Comprehensive Mac vs PC content creation face-off shows Apple has caught up with Windows on performance per dollar — but still lacks when it comes to sheer scalability and versatility

MacBook Pro M3 Max (2023)
(Image credit: Future)

Apple silicon has unquestionably come a long way since the tech giant introduced its game-changing M1 MacBook Pro in 2020. With successive M2 and M3 releases - and the recently announced M4 - Apple has delivered impressive performance boosts with every generation. But how do these modern Macs stack up against traditional PC hardware? 

PC manufacturer Puget Systems last compared Macs to PCs four years ago and wanted to see how things have changed. It did so by pitting the top-end M3 Max MacBook Pro and Apple M2 Ultra Studio against an Intel Desktop PC, AMD Desktop, AMD Workstation (with and without a dual GPU), and its own 17-inch Puget Mobile laptop. 

Comparing PCs and Apple Macs is akin to comparing oranges to, well, apples. Macs on Apple’s silicon use Arm-based architecture rather than x86 and employ a SoC design that tightly integrates the CPU, GPU, RAM, and VRAM. This setup allows MacBooks to have larger memory pools for the GPU but smaller for the CPU, and while the RAM is faster for the CPU, it is slower for the GPU compared to PCs.

PCs win (mostly)!

Puget compared models with similar costs but also included some high-end PC builds to show how far it’s possible to push a modern desktop.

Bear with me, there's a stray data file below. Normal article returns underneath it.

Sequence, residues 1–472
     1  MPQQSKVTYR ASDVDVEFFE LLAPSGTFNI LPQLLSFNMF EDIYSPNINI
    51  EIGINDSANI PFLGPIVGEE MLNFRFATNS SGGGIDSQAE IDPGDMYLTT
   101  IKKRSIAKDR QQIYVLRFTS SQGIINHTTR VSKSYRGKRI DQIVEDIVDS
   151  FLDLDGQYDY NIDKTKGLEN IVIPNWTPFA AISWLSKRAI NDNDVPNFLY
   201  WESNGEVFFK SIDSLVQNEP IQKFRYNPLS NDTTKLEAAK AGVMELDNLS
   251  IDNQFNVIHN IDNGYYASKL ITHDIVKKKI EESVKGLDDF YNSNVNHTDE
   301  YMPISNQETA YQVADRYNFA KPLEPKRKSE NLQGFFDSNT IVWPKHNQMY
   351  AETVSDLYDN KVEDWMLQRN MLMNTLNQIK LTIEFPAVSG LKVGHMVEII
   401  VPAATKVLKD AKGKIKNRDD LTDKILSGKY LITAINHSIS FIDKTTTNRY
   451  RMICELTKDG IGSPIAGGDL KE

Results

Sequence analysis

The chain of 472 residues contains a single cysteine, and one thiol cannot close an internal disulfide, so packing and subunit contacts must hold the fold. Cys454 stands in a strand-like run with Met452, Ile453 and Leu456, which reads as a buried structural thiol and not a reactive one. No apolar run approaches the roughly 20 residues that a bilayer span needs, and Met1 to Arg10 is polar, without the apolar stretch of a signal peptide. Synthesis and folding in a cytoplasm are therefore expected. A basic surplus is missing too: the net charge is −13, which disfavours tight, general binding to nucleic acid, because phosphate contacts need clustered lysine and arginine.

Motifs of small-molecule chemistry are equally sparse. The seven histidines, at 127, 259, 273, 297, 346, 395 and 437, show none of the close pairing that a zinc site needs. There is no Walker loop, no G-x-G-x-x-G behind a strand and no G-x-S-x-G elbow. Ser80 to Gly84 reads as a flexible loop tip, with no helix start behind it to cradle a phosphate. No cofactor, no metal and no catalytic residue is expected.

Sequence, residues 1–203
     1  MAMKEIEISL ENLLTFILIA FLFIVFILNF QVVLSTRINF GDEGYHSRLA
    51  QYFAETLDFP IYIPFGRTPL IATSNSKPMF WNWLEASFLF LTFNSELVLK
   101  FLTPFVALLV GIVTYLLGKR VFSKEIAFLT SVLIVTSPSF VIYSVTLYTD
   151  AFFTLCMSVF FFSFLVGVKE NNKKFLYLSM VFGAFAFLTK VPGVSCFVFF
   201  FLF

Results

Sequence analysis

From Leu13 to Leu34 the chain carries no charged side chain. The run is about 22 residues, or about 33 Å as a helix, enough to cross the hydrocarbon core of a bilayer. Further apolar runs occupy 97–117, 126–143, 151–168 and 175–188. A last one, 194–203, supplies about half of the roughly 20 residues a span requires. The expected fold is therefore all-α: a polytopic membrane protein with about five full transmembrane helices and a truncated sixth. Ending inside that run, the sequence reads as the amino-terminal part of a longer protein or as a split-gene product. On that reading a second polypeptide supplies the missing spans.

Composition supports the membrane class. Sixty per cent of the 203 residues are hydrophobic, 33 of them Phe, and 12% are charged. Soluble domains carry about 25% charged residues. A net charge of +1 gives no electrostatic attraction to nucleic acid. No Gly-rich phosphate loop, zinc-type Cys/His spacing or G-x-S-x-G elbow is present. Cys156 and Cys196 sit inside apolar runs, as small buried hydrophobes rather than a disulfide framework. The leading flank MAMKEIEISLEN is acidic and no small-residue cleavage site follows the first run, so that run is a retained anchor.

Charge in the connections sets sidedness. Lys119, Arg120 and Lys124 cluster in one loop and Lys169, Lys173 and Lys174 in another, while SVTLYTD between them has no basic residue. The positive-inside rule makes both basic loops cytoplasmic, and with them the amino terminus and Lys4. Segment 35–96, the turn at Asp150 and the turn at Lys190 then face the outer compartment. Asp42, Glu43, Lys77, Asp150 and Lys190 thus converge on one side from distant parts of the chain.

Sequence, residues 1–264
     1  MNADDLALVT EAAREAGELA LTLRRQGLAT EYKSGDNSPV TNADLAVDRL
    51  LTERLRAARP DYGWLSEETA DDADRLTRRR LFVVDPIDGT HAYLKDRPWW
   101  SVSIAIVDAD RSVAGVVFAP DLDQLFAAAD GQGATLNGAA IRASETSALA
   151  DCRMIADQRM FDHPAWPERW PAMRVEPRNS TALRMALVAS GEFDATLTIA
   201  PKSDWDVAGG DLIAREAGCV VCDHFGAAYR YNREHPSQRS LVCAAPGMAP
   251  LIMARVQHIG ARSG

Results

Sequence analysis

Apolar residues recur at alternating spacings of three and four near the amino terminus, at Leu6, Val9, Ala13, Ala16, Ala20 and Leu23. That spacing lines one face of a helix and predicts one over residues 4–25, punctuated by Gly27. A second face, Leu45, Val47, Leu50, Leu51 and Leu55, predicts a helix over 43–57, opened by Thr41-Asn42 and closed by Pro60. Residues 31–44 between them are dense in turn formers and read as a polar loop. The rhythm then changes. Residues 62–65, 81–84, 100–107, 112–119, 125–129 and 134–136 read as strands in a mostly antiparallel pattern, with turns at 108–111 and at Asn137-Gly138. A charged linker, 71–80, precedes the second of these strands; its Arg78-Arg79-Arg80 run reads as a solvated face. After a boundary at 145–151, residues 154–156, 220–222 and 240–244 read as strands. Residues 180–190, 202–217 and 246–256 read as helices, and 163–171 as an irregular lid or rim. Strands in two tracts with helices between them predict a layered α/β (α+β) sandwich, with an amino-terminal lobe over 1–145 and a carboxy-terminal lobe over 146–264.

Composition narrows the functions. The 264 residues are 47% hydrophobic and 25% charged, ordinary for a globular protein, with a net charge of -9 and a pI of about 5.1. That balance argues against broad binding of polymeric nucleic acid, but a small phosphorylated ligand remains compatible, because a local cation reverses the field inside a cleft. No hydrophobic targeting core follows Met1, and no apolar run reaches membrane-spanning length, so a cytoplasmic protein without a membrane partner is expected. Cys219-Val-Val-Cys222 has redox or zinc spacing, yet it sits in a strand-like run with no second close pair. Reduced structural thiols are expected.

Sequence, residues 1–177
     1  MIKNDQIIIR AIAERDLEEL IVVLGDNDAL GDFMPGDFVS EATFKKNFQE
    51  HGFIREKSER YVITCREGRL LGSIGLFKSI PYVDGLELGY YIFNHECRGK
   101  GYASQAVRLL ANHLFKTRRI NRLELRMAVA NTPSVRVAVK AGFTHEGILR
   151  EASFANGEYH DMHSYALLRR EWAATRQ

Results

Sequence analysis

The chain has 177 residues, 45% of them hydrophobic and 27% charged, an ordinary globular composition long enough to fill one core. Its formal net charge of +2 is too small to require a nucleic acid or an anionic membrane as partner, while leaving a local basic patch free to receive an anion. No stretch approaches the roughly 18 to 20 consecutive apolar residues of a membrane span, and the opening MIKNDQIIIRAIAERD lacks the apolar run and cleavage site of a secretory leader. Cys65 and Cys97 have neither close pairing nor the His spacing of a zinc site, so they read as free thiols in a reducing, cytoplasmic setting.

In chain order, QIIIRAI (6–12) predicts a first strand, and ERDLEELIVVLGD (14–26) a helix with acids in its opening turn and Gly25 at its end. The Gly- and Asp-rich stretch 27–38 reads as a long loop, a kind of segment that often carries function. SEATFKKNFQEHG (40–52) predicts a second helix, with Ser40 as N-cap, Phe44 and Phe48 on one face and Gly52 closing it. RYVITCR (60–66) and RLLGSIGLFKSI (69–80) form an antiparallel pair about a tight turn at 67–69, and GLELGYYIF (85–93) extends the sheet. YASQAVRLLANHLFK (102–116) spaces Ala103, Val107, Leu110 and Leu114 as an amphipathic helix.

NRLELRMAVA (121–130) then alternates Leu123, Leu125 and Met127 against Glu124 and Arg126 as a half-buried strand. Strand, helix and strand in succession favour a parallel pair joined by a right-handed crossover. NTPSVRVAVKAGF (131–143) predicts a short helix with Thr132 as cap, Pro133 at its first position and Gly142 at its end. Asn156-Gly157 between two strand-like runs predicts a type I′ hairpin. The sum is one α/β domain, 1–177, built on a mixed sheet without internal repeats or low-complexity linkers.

You can see the full results and benchmarks on the Puget site, but in summary, the company found the latest M3 Max MacBook Pro excels in Photoshop and After Effects overall but falls short in Premiere Pro, especially in Multi-Frame Rendering, where PCs trounce it.

In DaVinci Resolve, Macs lag behind, particularly in GPU effects and AI features, with PCs significantly outperforming them. CPU rendering is dominated by PCs, with AMD’s Threadripper PRO giving a substantial lead. In GPU rendering, Apple lags behind Nvidia RTX GPUs (unsurprisingly), making PCs a better option for high-performance rendering tasks. 

Puget ends its comparison on a positive note for Apple, however, stating, “We have been very impressed by the performance Apple manages to get in a relatively light, quiet, and cool machine [the M3 Max MacBook Pro]. It is a fantastic laptop, and the fact that it can stand toe-to-toe with a desktop workstation is an accomplishment.”

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Wayne Williams

Wayne Williams is a freelancer writing news for TechRadar Pro. He has been writing about computers, technology, and the web for 30 years. In that time he wrote for most of the UK’s PC magazines, and launched, edited and published a number of them too.